You know those early customers that love to be first, dig in, and willfully try to figure out whether (and how) a new product adds value to their lives? These are the customers you want to target first, and you should be willing to handhold them through the process of on-boarding to your product in a non-scalable fashion. In the early days of Behance, I recall certain members of our network that responded to every email and understood what we were trying to build well before it was built. I also remember when Periscope was in its early beta with a very small but hyper-engaged audience that would jump in whenever a user was live streaming. These "willing" — and often times visionary — customers are the ones you want to engage first. You don't want too many, because you want to get to know them. These early customers get what you're doing and are willing to participate before you launch.
Your next ideal cohort of customers won't have as much patience to spend effort figuring out how your product works, but they are forgiving of its shortcomings. They'll partner with you to make it better. They are technically capable enough to withstand your cumbersome on-boarding, settings management, and other unpolished sections. Most importantly, they value a better product lacking features more than a worse product with every feature. Rather than look for a perfect fit, they're able to tolerate missing features for some period of time. To engage forgiving customers, be transparent about your roadmap. I love the way Revue, a fast-growing email newsletter tool for authors to publish newsletters, has an "open roadmap" where customers can actually see their Trello board. One way to make sure your customers are forgiving is to show them that you're aware of what is missing and working hard to improve.
Now you're ready for the customers that will spread the word (and feel the need to be early users to have the desire to spread the word). Once you have found product-market fit and will do anything to spread word of your product far and wide, you will benefit most from influential customers that are likely to tell others. These customers tend to not be forgiving, because their reputation is at stake when they spread the word. In my experience, sustained (not-hacked) virality only happens when a product is polished enough to elicit trust and love from customers that are busy. Your most viral customers are inherently busy and may not give you the benefit of the doubt. I encourage teams to engage the viral customers only when they feel ready for it (they may not give you a second chance, don't burn them).When you're confident in your product, your best customer is viral.
These are the customers that turn you into a viable business (less handholding) and enable you to invest in the long-term durability and growth of the product. They need to be sold to and engaged in a thoughtful way, and are often pragmatists. Of course, at this point in your product lifecycle, you'll want as many customers as you can handle. As you scale and focus on revenue, you will benefit most from loyal customers that spend increasing amounts of money and time in your products. Ranking customers by LTV (lifetime value) helps Sales and Customer Service allocate resources. New product efforts are geared towards driving lifetime value, and the best customers are those with the highest LTV. You will need to add new features and consider offering better services to increase the value of customers over time. Many companies make the mistake of accommodating one type of customer at the expense of new customers. The challenge is to drive value from your loyal customers without alienating those that aren't valuable yet. At this stage, many companies take their eye off the ball when it comes to engaging and serving new customers (opening up the door for new startups to compete and win over the "less profitable" customers). Don't let this happen to you.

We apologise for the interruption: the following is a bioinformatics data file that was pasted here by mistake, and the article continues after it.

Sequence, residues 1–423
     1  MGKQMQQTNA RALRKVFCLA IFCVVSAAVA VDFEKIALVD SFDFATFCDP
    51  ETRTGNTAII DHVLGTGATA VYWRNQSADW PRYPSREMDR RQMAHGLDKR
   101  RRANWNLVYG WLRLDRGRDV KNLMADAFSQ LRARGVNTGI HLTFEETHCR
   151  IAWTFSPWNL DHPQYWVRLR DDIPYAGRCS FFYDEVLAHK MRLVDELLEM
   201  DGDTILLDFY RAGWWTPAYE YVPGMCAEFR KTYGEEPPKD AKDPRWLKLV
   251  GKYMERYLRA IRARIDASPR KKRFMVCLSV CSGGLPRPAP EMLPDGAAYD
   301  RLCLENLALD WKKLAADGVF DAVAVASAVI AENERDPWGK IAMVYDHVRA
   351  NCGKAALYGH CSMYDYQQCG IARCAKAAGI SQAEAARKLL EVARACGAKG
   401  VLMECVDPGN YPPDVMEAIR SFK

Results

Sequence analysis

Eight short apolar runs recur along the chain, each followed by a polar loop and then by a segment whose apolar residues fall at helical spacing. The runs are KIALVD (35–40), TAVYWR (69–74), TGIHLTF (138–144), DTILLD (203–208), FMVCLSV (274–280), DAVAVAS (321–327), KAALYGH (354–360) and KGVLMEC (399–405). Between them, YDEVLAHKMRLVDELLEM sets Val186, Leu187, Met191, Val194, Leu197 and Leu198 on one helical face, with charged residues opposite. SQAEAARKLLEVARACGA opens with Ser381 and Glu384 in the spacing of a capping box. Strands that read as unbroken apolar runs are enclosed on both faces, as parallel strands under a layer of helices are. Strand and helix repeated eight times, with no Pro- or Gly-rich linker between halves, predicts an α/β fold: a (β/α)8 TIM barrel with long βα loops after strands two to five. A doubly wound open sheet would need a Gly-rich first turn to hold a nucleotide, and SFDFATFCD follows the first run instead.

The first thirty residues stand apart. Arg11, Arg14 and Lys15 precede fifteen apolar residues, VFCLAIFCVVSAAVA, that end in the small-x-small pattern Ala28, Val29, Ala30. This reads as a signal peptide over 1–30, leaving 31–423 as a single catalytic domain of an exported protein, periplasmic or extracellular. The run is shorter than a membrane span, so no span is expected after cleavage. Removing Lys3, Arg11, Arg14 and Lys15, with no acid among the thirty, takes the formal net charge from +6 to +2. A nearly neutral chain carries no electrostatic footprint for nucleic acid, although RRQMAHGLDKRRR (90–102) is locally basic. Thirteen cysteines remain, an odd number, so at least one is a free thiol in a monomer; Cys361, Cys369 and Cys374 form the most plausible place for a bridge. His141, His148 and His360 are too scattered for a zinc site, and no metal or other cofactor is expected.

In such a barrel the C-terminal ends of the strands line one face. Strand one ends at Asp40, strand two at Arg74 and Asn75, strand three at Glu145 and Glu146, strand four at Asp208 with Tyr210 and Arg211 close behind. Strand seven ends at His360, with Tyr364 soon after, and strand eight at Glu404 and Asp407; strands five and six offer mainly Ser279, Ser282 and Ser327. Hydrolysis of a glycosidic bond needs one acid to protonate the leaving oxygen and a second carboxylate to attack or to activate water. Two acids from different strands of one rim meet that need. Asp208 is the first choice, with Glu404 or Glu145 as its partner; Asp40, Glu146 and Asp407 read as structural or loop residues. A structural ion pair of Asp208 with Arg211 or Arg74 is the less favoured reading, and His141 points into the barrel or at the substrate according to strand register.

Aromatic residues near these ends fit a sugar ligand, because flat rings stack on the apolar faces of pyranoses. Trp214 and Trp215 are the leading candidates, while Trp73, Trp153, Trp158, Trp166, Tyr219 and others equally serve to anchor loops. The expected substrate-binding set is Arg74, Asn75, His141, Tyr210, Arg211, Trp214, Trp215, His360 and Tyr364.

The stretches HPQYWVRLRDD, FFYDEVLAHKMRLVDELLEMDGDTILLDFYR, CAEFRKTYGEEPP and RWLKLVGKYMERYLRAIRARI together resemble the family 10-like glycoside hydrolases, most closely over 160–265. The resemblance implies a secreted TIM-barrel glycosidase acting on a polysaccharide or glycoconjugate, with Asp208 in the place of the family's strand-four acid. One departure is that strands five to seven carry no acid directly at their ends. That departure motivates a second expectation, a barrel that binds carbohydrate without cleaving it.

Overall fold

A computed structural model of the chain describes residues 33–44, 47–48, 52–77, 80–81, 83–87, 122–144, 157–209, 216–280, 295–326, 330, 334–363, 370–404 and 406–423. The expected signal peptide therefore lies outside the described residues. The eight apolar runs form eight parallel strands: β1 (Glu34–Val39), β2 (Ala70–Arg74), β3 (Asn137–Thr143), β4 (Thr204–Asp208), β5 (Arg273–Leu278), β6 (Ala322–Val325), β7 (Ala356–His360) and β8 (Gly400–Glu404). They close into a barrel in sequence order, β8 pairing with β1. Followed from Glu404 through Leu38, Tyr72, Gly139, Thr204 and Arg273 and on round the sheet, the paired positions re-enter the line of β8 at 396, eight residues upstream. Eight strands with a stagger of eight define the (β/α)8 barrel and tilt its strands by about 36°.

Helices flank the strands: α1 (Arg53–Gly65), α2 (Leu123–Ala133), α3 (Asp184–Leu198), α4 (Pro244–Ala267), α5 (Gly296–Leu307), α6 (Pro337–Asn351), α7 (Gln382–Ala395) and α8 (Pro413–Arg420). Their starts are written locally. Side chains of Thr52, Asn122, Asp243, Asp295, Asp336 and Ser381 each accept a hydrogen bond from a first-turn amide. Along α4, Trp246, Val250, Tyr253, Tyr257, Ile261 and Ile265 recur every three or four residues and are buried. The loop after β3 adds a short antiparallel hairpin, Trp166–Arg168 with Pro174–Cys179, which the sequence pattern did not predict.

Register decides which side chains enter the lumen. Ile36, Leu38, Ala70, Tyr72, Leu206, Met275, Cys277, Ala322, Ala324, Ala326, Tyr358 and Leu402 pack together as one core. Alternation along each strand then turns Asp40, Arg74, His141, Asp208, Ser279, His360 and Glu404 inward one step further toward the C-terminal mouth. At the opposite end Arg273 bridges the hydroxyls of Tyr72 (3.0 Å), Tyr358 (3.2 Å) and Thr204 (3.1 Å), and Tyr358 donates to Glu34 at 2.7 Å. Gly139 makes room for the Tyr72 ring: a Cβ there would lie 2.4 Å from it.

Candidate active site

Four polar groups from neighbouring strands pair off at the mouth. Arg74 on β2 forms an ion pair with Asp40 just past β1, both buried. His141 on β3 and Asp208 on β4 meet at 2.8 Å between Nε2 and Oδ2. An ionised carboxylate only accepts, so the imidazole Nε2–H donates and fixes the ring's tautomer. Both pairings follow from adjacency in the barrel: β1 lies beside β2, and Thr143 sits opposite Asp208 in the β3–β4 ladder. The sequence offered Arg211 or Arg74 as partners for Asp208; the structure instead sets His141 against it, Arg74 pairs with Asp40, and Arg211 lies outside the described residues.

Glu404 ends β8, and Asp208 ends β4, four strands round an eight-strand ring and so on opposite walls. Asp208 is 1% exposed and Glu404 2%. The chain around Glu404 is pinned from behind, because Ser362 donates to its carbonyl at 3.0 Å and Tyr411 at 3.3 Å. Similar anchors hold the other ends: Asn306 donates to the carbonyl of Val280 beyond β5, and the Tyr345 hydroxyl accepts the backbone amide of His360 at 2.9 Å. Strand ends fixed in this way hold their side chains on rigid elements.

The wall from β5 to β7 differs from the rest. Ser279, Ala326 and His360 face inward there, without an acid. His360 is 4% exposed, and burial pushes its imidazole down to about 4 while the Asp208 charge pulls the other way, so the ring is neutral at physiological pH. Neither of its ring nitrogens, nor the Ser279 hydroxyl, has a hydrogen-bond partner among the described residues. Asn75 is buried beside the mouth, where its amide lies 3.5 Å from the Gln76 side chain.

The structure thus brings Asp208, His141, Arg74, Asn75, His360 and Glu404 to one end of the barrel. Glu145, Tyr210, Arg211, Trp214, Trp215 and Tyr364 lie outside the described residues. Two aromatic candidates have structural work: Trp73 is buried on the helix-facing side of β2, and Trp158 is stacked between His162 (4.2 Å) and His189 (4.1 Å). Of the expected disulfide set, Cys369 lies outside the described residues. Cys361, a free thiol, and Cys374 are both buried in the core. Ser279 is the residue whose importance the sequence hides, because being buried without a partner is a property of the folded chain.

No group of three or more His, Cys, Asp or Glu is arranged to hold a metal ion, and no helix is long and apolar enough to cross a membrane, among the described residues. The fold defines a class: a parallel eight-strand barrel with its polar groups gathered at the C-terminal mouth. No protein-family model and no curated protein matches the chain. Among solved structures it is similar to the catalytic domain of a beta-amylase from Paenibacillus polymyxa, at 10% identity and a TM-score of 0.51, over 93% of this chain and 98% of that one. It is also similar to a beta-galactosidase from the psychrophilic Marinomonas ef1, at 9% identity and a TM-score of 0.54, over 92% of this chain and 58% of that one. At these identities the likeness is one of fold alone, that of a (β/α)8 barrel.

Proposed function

Contrary to logic, you don't want all of your customers right away. You want your first cohort of "willing" customers to be quite small, so you can communicate directly and provide an incredibly high level of touch. At the start of your business, you must do a lot of things that don't scale in order to triangulate your value proposition and build your brand. As you expand, you want to do so slowly.
So much of building a business is about patience and pace. You want to build as fast as you can, but not before you interpret the data and gain empathy for the problem you wish to solve. You want to launch as soon as you can, but not before you have a product worth the cost of PR and marketing to spread. And you want all the users or customers you can find, but not before you're able to keep them.